Quick photo editing on your Smartphone using the free Snapseed app by Google

Have you ever noticed that Google Play and iTunes have a dedicated category for photography apps?


There are so many apps available, many of them free, but not worth your time.  Instead of navigating through the many disappointing apps and finding yourself very frustrated, why not go straight to one of the best. Snapseed by Google is by far my favourite editing app – and it is free!!


This simple, yet powerful mobile photo editing app has nearly every feature you could possibly need. It is quite intuitive and available on both Android and iOS systems.  It is the ideal app for me to demonstrate at mobile photography workshops because it is so simple and the results can be breathtaking.


Below, I will demonstrate how to use Snapseed basics and share the standard step by step process that I apply to nearly all my photos.


Once you open your photo in the app, you have two sections: ‘Tools’ and ‘Filters’. I am going to concentrate on ‘Tools’ in this article which give you the confidence to improve any photo.

Snapseed Work Flow Updated Sep 17
New perspective adjustment in Snapseed 2.18

1. Perspective

Firstly, you may need to straighten the image. At times, you may deliberately angle your photo to make it look more dynamic and create some interest. However, often a photo that is slightly crooked can make you photo look ‘not quite right’. This is called ‘visual tension.’

Select ‘Transform’ under the tools menu, followed by ‘Rotation’.  Then you can swipe left or right to adjust your image. You will notice the black corners being filled in when you let go? It is super cool!


2. Crop

Secondly, you may want to reduce the edges in the photo to highlight a subject area or change the focus of surrounding elements in the photo. Select ‘Crop’, under the tools menu.  Experiment with different points of interest. You can drag the corners in and out or hold the centre of the grid and move it around. You may even discover several photographic opportunities within the one photo!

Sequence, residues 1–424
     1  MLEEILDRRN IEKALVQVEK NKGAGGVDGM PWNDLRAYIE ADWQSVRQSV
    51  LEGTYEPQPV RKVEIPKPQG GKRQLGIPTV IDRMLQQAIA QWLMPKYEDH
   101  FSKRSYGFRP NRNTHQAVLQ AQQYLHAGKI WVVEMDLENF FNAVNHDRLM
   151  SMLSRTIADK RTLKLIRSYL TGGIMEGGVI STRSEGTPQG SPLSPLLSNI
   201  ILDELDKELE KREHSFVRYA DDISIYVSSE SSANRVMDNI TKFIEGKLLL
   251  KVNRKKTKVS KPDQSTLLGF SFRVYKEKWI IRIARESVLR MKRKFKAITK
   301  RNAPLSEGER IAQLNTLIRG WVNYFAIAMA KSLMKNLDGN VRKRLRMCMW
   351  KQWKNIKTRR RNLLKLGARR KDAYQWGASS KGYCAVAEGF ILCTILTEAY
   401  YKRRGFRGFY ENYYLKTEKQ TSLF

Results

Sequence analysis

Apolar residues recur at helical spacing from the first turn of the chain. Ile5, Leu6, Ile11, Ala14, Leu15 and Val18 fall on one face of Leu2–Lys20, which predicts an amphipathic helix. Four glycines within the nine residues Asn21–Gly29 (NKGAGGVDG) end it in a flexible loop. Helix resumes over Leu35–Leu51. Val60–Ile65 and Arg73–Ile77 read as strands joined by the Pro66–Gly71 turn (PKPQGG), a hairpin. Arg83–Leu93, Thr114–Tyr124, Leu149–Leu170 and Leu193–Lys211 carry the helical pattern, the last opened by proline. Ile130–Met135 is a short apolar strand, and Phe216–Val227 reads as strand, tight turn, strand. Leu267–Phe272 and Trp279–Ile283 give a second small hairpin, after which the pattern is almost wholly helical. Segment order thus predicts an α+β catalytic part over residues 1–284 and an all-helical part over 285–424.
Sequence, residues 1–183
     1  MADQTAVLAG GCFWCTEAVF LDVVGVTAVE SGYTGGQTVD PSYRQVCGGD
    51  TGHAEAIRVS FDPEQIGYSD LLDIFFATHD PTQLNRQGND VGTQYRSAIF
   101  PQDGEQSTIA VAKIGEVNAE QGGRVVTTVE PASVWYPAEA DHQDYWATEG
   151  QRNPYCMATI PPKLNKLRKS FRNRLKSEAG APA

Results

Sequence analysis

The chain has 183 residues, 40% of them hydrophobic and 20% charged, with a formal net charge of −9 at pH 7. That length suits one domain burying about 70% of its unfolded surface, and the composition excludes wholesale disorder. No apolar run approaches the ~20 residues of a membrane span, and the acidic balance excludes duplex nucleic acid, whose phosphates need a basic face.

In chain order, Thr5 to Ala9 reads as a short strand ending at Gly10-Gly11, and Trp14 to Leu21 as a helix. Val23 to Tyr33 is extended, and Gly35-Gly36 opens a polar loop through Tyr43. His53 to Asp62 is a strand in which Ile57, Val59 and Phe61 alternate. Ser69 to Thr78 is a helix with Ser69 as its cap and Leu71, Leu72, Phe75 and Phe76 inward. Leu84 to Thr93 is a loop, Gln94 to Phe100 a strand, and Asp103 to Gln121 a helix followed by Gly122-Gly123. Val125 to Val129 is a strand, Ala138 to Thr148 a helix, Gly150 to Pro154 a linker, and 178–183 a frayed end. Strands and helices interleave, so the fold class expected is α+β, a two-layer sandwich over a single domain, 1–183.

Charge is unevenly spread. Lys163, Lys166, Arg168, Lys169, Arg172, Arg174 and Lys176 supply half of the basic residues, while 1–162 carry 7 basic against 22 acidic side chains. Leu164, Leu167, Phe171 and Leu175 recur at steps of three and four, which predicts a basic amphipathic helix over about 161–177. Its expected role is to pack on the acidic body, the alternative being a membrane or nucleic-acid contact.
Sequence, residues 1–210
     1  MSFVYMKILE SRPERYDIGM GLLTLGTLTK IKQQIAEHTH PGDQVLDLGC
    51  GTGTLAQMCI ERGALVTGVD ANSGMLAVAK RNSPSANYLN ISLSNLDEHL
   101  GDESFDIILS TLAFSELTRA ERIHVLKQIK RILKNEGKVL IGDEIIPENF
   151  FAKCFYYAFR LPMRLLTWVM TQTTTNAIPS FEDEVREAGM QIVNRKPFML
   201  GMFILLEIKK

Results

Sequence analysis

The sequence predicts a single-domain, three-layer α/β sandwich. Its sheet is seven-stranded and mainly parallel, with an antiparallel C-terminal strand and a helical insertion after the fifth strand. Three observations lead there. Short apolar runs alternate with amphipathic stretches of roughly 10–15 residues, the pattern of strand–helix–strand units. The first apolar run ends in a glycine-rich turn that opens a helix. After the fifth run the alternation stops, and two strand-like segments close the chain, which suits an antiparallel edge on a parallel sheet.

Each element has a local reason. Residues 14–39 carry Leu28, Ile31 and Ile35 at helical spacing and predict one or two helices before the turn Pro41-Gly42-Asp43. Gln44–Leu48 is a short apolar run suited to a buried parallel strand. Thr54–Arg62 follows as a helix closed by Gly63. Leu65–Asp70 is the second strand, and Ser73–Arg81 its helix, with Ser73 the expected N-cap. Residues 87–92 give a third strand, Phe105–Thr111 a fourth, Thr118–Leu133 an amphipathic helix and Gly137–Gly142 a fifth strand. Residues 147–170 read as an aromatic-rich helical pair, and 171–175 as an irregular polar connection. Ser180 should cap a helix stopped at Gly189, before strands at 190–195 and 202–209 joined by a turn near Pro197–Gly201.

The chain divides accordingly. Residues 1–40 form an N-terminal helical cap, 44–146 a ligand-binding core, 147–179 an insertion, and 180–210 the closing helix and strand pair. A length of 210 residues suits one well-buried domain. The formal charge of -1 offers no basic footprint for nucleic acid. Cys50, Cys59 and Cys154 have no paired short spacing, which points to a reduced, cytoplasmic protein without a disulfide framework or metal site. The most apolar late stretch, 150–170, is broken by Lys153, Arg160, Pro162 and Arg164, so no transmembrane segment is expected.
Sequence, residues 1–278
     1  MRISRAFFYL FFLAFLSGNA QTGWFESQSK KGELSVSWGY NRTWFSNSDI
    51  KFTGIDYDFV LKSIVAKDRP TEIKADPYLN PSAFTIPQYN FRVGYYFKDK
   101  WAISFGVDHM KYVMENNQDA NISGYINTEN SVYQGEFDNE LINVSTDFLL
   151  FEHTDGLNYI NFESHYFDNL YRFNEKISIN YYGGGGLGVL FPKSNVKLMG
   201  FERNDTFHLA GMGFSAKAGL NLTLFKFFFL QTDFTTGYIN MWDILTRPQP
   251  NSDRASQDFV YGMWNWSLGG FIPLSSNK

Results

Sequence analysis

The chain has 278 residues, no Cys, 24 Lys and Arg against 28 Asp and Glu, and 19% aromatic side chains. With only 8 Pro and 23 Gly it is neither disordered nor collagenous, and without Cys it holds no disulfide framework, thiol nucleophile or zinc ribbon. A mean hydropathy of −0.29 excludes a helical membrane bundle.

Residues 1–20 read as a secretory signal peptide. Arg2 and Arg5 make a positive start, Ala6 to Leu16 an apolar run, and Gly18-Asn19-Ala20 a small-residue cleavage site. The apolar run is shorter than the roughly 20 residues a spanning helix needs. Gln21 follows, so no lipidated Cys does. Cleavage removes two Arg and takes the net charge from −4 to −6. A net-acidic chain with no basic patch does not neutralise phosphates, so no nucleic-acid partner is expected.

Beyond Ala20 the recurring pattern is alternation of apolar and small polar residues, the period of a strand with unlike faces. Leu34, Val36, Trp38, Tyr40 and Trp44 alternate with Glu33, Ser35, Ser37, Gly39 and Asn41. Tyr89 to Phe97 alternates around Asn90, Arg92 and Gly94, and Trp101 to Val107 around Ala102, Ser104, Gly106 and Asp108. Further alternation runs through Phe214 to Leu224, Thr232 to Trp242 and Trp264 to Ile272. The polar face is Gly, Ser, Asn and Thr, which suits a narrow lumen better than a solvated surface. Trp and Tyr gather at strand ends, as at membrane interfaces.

Snapseed photo editing - crop feature

3. Tune Image

This is where the real magic happens. After selecting ‘Tune Image’, again under the tools menu, I always swipe up to ‘Ambience’ first. This adjustment is a combination of many of the enhancement options available to you. It alone, can really make your photo pop off the screen. Next, I start at the top of the ‘Tune Image’ options and work my way down to the bottom. There is no right and wrong with these adjustments.  Experiment a little, you never know what you will discover. If you go too far, you can always reduce the strength of the effect.

Snapseed photo editing - tune image

4. Details

Again under the tools menu, you will find a menu option called ‘Details’.  There are two options here to sharpen the image. ‘Structure’ sharpens the edges within the photo and ‘Sharpening’ sharpens every pixel. My advice is to generally avoid pushing ‘structure’ past the number 20 because the image becomes grainy and looks manufactured or fake.

Sharpen an image in Snapseed mobile photo editing app using Sharpen

5. Healing

This is the final adjustment and one that I absolutely love. This feature allows you to remove any distracting objects from your photo. Pinch and zoom to get in closer to the object you want to remove. Then, tap or swipe over the object. The area you swipe over is instantly filled with content from surrounding pixels. It does a great job.

Snapseed photo editing - remove objects using healing tool

6. HDR Scape

This is one of the finishing touches that I quite often apply to the image. I typically only add a little bit of this filter to give the image a bit of depth and punch to the colours. No, HDR does not stand for High Definition Resolution! It is High Dynamic Range and it is where the image has a wider range of details displayed in all the bright and dark areas of the image.

Snapseed photo editing - high dynamic range HDR Scape

7. Lens Blur

I love this feature of Snapseed. You can choose between ellitptical and linear which is basically add blur around the subject or across the top and bottom of the image. You can increase and decrease the area in blur, the transition between in focus and out of focus, focus strength and also add a vignette - darkening of the outer corners.

Snapseed has a whole lot more to offer, but the above should be enough to get you hooked.


If you would like to watch a range of more detailed tutorials using Snapseed – follow this link to our YouTube channel. If you subscribe, you will never miss an update.


Remember - be passionate, be creative and keep learning.

Also published on Medium.

Leave a Comment

You must be logged in to post a comment.